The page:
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KL-Natzweiler-Struthof - "Kartoffelkeller"

Article about: Konzentrationslager Natzweiler-Struthof - "Kartoffelkeller" Created in the summer and latter part of 1943, this unusual structure was constructed by the first "Nacht und Nebel

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    Default KL-Natzweiler-Struthof - "Kartoffelkeller"


    Konzentrationslager Natzweiler-Struthof - "Kartoffelkeller"

    Created in the summer and latter part of 1943, this unusual structure was constructed by the first "Nacht und Nebel" ("Night and Fog") prisoners who had just arrived at Natzweiler, the largest concentration camp in France. Built partially concealed by the earth, this structure became known by the code-name "Kartoffelkeller" ("potato cellar"). Despite its location near to the vegetable garden, the building was not likely designed for such a purpose. However, the truth has long since been lost to time as no information is available concerning the purpose of the structure, despite its existence for approximately one year before the camp was evacuated. Some have understandably assumed the building was intended as a form of prison block, with confinement areas below ground for the camp's worst inmates. However, the fact that a large Zellenbarrack (cell barrack), complete with torture devices and solitary confinement rooms was already present at the camp leads one to consider other purposes. Generally, prison blocks were also located within the Häftlingslager (prisoner's camp) area of a KL site - not within the SS-zone such as this structure at Natzweiler. Whatever the true purpose, the structure remains another curious facet of the Konzentrationslager system.

    Images:

    1. External view of the "Kartoffelkeller" structure, taken on the camp road leading away from the Haupteingang.

    2-3. Underground images of the stone interior of the structure, photographed within the modern museum building.
    Click to enlarge the picture Click to enlarge the picture NATZ-KARTOF (7).jpg   NATZ-KARTOF (3).jpg  

    NATZ-KARTOF (6).jpg  
    Experienced guide and published author leading detailed study trips to the former KZ sites of Nazi Germany. Contact for further details.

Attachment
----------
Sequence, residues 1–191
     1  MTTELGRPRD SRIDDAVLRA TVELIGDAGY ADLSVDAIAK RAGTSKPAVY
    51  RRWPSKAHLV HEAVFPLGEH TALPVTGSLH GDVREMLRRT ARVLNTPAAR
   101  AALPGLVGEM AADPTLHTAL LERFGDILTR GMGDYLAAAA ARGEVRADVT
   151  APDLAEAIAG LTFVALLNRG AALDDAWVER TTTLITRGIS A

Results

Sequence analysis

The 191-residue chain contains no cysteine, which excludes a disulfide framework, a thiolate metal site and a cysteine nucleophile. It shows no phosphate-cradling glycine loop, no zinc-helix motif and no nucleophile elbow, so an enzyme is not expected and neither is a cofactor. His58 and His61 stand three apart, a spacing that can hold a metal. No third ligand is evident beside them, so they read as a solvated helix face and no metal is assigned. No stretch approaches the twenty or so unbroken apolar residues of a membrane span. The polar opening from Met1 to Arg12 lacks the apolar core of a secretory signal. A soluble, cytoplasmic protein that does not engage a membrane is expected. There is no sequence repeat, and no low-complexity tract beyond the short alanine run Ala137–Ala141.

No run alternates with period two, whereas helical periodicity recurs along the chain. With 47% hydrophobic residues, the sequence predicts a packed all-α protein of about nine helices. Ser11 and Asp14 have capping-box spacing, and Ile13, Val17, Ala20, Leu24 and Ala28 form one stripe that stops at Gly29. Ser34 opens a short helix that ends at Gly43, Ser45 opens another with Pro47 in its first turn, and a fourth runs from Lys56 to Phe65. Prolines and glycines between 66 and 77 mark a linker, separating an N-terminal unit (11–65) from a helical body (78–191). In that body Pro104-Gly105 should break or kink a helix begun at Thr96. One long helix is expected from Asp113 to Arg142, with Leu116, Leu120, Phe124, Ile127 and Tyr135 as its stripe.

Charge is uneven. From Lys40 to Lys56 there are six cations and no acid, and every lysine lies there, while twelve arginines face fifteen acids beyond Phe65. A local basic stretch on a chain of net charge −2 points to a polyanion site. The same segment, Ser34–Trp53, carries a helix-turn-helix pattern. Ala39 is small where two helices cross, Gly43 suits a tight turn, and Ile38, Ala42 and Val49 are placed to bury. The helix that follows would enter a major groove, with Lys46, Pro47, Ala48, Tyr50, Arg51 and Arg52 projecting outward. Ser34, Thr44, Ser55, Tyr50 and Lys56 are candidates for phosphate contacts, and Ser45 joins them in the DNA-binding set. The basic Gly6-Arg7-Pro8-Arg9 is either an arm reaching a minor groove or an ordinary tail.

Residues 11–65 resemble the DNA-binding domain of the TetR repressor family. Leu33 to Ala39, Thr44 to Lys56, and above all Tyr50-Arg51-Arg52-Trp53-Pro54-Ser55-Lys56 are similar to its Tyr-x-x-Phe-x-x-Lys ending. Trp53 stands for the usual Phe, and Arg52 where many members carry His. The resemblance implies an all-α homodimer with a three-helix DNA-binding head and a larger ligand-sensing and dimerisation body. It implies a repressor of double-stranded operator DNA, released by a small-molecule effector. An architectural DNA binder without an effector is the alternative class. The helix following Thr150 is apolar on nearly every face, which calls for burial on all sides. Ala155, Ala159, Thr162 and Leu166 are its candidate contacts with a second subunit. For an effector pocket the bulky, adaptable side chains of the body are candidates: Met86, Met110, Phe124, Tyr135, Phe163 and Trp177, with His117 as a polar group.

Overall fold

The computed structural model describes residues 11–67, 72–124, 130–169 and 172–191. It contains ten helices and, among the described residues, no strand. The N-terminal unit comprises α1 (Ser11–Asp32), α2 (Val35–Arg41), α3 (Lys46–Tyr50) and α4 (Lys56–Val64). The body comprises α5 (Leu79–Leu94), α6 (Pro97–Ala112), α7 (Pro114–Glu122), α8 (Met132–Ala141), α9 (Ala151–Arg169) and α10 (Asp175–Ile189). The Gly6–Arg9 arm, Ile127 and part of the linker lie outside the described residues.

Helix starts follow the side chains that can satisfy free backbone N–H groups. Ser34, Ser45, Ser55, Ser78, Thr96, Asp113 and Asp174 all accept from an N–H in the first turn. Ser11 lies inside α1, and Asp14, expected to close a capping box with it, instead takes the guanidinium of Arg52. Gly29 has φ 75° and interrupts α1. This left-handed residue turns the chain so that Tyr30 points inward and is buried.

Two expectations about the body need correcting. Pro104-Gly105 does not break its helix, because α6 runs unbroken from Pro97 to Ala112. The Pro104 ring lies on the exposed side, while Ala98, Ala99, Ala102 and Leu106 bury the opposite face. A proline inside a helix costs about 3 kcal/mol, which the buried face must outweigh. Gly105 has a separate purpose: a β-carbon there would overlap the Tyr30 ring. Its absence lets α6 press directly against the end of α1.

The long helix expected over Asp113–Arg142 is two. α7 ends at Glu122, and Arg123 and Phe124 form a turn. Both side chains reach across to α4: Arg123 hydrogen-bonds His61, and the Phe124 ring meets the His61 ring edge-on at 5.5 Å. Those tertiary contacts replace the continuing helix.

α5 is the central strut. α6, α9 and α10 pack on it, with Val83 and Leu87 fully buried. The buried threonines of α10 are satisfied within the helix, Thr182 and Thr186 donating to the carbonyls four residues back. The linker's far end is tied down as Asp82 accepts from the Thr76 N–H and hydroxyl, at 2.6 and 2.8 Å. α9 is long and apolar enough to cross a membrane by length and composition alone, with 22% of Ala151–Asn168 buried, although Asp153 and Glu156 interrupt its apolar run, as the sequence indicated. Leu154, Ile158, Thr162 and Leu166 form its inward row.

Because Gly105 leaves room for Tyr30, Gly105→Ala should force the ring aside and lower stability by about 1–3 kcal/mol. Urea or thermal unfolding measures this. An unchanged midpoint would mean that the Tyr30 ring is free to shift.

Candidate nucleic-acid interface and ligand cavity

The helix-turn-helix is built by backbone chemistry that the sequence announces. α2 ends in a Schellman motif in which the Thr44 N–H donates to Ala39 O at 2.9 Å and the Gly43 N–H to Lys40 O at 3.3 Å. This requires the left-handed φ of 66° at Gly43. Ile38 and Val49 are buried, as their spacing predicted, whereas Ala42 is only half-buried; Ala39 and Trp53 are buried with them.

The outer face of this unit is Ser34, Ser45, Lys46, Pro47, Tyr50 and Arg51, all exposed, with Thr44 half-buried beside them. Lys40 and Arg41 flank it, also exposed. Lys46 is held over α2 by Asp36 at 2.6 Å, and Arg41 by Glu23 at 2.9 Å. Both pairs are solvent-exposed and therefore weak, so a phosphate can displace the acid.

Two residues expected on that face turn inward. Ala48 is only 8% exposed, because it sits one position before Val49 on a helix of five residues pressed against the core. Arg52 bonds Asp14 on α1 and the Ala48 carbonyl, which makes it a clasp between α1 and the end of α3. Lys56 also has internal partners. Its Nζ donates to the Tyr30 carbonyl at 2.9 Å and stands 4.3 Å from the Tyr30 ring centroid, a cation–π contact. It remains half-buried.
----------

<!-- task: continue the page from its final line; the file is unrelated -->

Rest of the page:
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    Interesting Info, Carl . Thanks for sharing. I've been reading a book title, " piepel " an account of day to day life in KL Auschwitz-Birkenau. One reference to the ' potato peelery' is that nobody knew why is existed because none of the regular inmates ever saw a potato in the "soup" while at the camp! But I'm sure the kapos did.

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    What are the "Jack-o-lanterns" sitting all over the place for? Strange.
    William

    "Much that once was, is lost. For none now live who remember it."

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    Quote by Dean View Post
    Interesting Info, Carl . Thanks for sharing. I've been reading a book title, " piepel " an account of day to day life in KL Auschwitz-Birkenau. One reference to the ' potato peelery' is that nobody knew why is existed because none of the regular inmates ever saw a potato in the "soup" while at the camp! But I'm sure the kapos did.
    Thank you Dean. Indeed, the "Kartoffellager" ("potato camp") at Auschwitz-II, Birkenau was located at the side of camp B-Ia, formerly the women's camp. Whilst the vegetables were produced for the camp staff, prisoners were left to scuffle pathetically for discarded scraps such as potato peelings.

    William, I agree that these are rather an unusual sight - particularly as part of a memorial exhibition, yet somehow they do add to the strangeness of the place. Jack o'lanterns can also be used to represent spirits too.
    Experienced guide and published author leading detailed study trips to the former KZ sites of Nazi Germany. Contact for further details.

    www.concentrationcamptours.com

    www.concentrationcampmoney.com


    "maka akaŋl oyate maŋi pi ki le, tuweŋi wíyópeya oki hi sni"

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    Thank Carl, I highly suggest the book I mentioned. Very informative and good reading but pretty disturbing. Also, I may have said the wrong camp. I believe I mean Auschwitz proper. My bad. The potato peelers was next to the turnip and soup kitchen, I believe.
    . The jakolanterns kinda look like death masks. But I'm sure they are for effect.

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    Interesting read, thanks for sharing.

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    Today, 23rd November 2016, marks the 72nd anniversary of the liberation of Natzweiler-Struthof. On this day in 1944, American troops arrived at the site where tens of thousands had died. Due to the advancing allied forces, the SS had already began their process of departure in September, with outbound transports of inmates to numerous other Konzentrationslagers. Following the abandonment of the Stammlager (Main Camp) at Natzweiler-Struthof, the sub-camp system continued to operate and did so until as late as spring 1945. The majority of the final prisoners to be held within the Natzweiler-Struthof camp system had to wait much longer to be liberated, with forced marches headed south to KZ-Dachau, near München, the destination for many of them. Dachau itself was not liberated until later that spring, on 29th April 1945.

    Carl
    Click to enlarge the picture Click to enlarge the picture Yom.Hashoah.candle.jpg   Roma.Sinti.memorial.jpg  

    memorial.cross.jpg  
    Experienced guide and published author leading detailed study trips to the former KZ sites of Nazi Germany. Contact for further details.

    www.concentrationcamptours.com

    www.concentrationcampmoney.com


    "maka akaŋl oyate maŋi pi ki le, tuweŋi wíyópeya oki hi sni"

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